Bourne also said she is pushing to allow state workers to continue to be paid as Attorney General Lisa Madigan is in the courts trying to prevent it. Bourne said the bill she has drawn up has bipartisan support as she attempts to keep state working families out of the political battles.
Representative Bourne appeared on the NEWSTALK WTIM Morning Show.
While the snow and frigid temperatures are still hitting central Illinois, it doesn't mean spring isn't soon on the way. The Master Gardeners at the University of Illinois Extension in Taylorville will be ready and prepared to give help to anyone who needs it as their Help Desk will once again re-open in April.
Master Gardeners Gwen Podeschi and Sharon Hill said the Help Desk is the backbone of the Master Gardeners and they will integrate their new trainees into the system starting when it opens on April 17th.
Podeschi and Hill also mentioned their plant sale coming to the area on May 6th at the Extension Office. They said they will be selling budding flowers, bushes, and trees, among various other things.
Podeschi and Hill appeared on the NEWSTALK WTIM Morning Show.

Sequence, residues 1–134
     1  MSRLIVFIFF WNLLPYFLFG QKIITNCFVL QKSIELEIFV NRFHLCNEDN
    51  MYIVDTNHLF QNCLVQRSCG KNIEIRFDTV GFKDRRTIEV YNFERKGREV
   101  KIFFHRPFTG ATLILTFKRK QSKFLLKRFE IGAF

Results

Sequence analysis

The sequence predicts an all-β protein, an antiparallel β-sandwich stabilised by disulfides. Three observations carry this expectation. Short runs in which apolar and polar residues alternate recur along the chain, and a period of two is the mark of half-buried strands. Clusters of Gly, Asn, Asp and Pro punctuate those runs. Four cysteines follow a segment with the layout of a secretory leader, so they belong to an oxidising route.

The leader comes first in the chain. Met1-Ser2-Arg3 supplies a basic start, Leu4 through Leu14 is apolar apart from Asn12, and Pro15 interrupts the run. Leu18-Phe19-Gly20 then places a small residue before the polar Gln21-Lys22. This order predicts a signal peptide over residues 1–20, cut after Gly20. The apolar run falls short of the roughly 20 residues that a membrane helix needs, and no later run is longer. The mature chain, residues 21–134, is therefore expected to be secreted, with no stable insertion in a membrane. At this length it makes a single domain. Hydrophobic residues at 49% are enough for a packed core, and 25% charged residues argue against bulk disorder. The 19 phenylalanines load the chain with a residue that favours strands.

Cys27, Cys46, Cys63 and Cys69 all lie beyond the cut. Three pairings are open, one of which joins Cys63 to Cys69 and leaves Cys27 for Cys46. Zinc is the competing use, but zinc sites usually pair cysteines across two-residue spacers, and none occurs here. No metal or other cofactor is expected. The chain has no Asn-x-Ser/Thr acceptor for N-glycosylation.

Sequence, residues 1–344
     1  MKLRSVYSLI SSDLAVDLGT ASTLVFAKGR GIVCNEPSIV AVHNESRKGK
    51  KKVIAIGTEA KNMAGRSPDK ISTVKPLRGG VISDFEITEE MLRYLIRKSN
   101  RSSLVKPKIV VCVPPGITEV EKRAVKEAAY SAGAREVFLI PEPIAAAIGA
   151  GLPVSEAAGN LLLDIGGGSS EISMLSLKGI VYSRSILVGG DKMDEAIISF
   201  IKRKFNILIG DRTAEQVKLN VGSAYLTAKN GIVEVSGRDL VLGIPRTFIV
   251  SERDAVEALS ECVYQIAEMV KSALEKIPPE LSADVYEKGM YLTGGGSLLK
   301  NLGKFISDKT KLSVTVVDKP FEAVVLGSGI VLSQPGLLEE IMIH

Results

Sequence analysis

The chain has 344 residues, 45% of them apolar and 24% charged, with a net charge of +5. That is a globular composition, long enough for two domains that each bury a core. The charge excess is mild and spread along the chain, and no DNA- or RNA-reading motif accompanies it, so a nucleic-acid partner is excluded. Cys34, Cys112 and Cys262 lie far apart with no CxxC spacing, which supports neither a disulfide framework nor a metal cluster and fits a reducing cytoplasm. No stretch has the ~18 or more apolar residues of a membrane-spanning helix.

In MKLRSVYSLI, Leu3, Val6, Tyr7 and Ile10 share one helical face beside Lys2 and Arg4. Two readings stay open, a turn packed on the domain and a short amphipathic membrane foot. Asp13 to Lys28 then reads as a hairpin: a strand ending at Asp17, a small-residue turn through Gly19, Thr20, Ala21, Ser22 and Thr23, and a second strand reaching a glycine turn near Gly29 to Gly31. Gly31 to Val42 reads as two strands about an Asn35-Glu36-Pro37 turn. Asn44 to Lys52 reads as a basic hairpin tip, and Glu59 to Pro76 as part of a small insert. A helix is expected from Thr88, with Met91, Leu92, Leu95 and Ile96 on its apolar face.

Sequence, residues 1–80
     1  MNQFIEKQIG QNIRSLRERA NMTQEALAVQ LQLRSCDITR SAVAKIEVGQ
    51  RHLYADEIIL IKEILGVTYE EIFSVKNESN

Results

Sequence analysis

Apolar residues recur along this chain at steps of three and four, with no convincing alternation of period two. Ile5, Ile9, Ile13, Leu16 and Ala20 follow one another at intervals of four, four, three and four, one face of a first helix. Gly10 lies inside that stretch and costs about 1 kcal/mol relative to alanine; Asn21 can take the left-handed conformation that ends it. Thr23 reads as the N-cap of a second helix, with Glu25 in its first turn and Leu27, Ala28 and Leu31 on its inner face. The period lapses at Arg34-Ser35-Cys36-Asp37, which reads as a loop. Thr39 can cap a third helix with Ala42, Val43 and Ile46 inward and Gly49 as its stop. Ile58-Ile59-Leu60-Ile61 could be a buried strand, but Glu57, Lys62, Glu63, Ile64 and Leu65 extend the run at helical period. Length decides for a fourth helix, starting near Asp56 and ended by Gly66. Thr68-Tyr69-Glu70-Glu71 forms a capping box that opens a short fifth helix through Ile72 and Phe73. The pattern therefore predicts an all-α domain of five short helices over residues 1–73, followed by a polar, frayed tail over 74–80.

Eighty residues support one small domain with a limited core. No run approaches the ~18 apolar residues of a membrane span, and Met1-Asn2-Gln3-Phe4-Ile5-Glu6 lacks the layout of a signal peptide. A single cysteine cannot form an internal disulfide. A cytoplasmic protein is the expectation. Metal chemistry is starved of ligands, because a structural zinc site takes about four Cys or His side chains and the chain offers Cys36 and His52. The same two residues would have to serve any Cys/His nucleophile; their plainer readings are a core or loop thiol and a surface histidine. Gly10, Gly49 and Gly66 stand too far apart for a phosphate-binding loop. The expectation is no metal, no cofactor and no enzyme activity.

The Illinois History Symposium is just a month away, and focuses on two monumental events in the country and the state, Women's Suffrage, and World War I. Early registration is coming to a close, and for those who would want to get a discounted price on attending the symposium should move fast.
Gwen Podeschi, from the Illinois State Historical Society said on the Friday evening of the event there will be a reception at Camp Lincoln with a presentation focusing on the 8th Illinois Regiment.
Podeschi said on Saturday they will have their annual awards banquet giving out scholarships and other awards for things such as books, programs, and high school student projects.
Podeschi appeared on the NEWSTALK WTIM Morning Show.
This week Crimestoppers is seeking information in regards to criminal damage that occurred in Taylorville.
Sometime during the overnight hours between Sunday, March 5, 2017 and Monday, March 6, 2017, an unknown subject used an item to break out the passenger’s side window of a vehicle parked at 2100 Grand Blvd. The vehicle a gray, 1988, Cadillac, was parked in front of the E building. A wrench was located on scene and may have been used to do the damage. The total dollar amount of the damage is unknown at this time.